Growing up, I had many furry friends. My favorite dog I had as a kid was Missy. She was a pure bred fawn boxer. Her chest was white and her paws look like she wore white socks. When she would play, she’d jump like a deer running through a forest. Seeing her excited was always funny, her body would curl like the letter c and her butt would continue to sway back and forth. 

Taking her outside on a leash was always a hassle due to her strength and size. Now that I’m in college I have two dogs of my own. A cocker spaniel, poodle mix and a mastiff, standard poodle mix. Both are beautiful, smart, ornery, and spoiled as ever. If they aren’t in bed cuddling next to me than they are running around tearing up the house and grabbing socks out of the dirty close hamper. 

I’ve had many dogs as pets however, k-9’s are not always used as “pets”.

Maryville Treatment Center has a unique program called “Puppies for Parole”. Puppies for Parole is a unique program made possible through Nodaway Humane Society partnerships with animal shelters and animal advocate groups statewide. Selected offenders at Maryville Treatment Center have the opportunity to become trainers to rescued dogs in the program. The offenders work with the dogs teaching them basic obedience skills and how to properly socialize with animals. Once the rescued dogs have successfully completed the program they are sent back to their original shelter to be placed up for adoption. Completing these programs make the dogs more adoptable. Ryndi Roth an employee at the Maryville Treatment Center says, “Puppies for Parole is a great program. Having dogs come to the facility and allow these offenders to socialize with them puts smiles on their faces. Not only does it help the offenders but also the dogs as well. Allowing them to get the opportunity to be more accessible to adoption is great. Everyone needs a dog to call their own”. 

Dating back to the Roman era, dogs have always fought next to their owner. The Molossus dog was the strongest known to the Romans. Dogs served most often as sentries or patrols, though they were sometimes taken into battle. Speed forward to now and K-9’s are still used in law enforcement and military. Military dogs are costly but priceless. They are trained for many different things. Such as bomb detection, weapons, drugs, etc. From watching many military television shows and YouTube videos I can proudly say military dog training can be intense. Dogs are taught to bite someone on command. Many times you will see puppies drop from the program due to the extreme stress of having to bite a human.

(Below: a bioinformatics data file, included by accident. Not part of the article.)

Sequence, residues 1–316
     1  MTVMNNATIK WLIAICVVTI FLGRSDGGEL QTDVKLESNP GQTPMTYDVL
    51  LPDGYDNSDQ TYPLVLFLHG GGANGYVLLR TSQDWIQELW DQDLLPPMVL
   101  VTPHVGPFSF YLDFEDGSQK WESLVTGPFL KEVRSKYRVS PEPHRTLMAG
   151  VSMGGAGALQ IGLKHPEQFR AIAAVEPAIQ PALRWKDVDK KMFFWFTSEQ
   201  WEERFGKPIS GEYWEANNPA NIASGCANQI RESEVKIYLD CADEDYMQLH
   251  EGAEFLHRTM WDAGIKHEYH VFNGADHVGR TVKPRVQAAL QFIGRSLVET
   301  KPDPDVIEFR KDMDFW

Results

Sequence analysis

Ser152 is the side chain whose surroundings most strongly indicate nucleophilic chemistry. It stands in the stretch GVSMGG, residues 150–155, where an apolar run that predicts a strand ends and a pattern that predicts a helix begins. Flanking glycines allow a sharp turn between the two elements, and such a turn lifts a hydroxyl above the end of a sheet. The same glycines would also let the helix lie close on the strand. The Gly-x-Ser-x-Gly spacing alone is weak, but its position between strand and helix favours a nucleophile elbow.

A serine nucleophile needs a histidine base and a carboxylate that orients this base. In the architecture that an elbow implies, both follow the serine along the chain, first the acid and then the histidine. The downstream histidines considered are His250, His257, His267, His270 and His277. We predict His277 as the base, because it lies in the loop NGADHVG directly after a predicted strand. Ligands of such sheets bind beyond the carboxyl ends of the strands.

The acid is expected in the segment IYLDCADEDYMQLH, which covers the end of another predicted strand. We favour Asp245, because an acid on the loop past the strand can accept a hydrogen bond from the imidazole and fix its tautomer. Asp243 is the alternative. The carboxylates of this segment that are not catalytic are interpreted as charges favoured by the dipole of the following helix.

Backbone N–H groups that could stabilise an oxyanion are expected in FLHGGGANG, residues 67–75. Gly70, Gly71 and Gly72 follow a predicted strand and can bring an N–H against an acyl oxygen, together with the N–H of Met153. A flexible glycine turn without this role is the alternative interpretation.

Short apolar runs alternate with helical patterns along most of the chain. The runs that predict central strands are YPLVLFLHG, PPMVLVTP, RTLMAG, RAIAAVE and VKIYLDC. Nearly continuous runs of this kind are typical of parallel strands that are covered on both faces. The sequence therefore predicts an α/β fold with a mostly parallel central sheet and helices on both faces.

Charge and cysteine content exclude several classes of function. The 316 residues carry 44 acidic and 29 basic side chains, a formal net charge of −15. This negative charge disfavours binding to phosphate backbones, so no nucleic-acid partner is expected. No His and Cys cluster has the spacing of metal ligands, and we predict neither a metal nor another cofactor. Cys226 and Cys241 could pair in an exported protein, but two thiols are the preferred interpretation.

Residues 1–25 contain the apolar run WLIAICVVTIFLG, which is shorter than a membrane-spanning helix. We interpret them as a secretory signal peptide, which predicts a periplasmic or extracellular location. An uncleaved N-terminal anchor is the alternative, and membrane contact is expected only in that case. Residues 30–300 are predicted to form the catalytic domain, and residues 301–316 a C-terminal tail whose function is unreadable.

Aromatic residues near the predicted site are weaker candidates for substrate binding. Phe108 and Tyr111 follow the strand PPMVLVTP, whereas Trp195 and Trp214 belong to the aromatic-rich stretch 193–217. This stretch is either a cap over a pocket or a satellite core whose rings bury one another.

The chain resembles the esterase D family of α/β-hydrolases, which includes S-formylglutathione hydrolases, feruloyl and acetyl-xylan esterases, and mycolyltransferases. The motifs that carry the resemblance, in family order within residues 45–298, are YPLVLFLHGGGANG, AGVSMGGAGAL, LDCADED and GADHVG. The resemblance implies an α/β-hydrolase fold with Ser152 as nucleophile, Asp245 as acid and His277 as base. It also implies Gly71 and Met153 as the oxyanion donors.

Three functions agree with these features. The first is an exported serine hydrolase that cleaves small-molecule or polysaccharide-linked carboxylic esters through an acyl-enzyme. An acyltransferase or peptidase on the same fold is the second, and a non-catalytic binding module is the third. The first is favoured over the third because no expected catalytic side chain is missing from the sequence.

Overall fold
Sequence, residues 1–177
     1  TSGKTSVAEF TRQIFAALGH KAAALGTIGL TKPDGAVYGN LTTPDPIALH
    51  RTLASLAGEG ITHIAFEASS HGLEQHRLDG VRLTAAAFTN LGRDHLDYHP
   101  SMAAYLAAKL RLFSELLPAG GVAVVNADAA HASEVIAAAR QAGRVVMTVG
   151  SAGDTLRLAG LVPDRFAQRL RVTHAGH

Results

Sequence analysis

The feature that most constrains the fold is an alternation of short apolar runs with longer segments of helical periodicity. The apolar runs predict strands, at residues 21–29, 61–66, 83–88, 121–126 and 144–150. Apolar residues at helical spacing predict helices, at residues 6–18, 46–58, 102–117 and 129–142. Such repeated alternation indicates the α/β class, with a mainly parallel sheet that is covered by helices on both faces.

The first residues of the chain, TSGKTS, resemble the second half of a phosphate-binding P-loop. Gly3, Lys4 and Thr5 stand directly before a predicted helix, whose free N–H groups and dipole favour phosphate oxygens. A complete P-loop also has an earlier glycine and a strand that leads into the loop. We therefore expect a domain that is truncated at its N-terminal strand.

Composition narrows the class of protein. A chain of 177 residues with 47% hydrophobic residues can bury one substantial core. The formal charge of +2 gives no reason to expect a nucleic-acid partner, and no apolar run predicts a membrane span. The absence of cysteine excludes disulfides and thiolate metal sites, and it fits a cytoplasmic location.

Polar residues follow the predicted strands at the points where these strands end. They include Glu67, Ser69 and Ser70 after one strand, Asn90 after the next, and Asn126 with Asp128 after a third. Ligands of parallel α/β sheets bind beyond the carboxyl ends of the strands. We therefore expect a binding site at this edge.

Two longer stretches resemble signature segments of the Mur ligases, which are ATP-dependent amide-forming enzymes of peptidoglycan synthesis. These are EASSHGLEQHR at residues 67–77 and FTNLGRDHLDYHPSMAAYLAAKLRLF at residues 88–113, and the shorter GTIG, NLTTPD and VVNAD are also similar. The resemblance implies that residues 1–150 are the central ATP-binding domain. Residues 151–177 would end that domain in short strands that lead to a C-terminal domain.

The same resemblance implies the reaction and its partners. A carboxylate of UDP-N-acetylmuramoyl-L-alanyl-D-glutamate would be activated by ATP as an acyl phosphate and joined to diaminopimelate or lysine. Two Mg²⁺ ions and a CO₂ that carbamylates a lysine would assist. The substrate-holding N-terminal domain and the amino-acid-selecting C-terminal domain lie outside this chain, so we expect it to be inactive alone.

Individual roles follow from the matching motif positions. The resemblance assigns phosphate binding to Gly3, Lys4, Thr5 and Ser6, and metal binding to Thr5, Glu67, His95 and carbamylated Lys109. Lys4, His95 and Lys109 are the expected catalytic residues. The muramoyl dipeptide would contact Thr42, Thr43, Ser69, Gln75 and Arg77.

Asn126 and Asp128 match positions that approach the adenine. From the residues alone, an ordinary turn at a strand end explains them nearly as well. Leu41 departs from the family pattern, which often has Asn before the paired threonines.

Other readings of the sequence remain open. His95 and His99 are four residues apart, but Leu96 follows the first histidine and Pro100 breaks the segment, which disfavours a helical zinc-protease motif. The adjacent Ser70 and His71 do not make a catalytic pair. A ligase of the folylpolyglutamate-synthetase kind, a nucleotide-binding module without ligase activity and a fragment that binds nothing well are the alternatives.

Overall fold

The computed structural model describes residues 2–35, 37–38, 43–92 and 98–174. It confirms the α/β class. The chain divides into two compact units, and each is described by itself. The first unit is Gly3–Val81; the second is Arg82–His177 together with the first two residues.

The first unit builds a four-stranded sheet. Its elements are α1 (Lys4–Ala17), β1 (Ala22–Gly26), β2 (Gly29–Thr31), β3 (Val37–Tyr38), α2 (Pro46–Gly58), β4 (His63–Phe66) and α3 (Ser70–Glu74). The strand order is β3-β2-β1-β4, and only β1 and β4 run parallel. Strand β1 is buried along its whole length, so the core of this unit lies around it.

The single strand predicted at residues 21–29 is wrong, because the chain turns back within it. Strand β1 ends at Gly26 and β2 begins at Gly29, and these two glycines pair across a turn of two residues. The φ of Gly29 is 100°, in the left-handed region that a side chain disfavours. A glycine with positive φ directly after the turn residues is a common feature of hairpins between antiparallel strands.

I have seen on occasion a dog with a vest walking next to someone. My first instinct was to pet the furry guy but then I realized I can’t, due to him being a service dog. According to the United States Dog Registry, Service dogs are dogs that have been individually trained to perform a specific task for individuals who have disabilities. The disabilities can vary greatly, and so do the tasks that the service dogs perform. Service dogs can help someone who is hearing – and visually impaired, individual who suffers from seizures or PTSD, and sometimes even dial 911 in the event of an emergency. Many disabled people depend on them every day to help them live their everyday lives.

At the end of the day I believe dogs are essential to mankind. They are truly a man’s best friend. From personal experience my dogs have made my life more enjoyable and are always there to cheer me up on a cloudy day”. 

(0) comments

Welcome to the discussion.

Keep it Clean. Please avoid obscene, vulgar, lewd, racist or sexually-oriented language.
Don't Threaten. Threats of harming another person will not be tolerated.
Be Truthful. Don't knowingly lie about anyone or anything.
Be Nice. No racism, sexism or any sort of -ism that is degrading to another person.
Be Proactive. Use the 'Report' link on each comment to let us know of abusive posts.
Share with Us. We'd love to hear eyewitness accounts, the history behind an article.